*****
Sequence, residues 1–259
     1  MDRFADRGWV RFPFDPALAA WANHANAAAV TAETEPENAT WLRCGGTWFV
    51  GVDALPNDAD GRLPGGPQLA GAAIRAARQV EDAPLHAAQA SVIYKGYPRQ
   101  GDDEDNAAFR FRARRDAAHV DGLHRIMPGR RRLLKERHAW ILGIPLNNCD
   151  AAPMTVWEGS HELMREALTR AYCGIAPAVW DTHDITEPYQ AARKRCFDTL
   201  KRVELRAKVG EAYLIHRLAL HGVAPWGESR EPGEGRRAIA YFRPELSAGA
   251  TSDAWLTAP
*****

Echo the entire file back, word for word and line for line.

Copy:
Sequence, residues 1–259
     1  MDRFADRGWV RFPFDPALAA WANHANAAAV TAETEPENAT WLRCGGTWFV
    51  GVDALPNDAD GRLPGGPQLA GAAIRAARQV EDAPLHAAQA SVIYKGYPRQ
   101  GDDEDNAAFR FRARRDAAHV DGLHRIMPGR RRLLKERHAW ILGIPLNNCD
   151  AAPMTVWEGS HELMREALTR AYCGIAPAVW DTHDITEPYQ AARKRCFDTL
   201  KRVELRAKVG EAYLIHRLAL HGVAPWGESR EPGEGRRAIA YFRPELSAGA
   251  TSDAWLTAP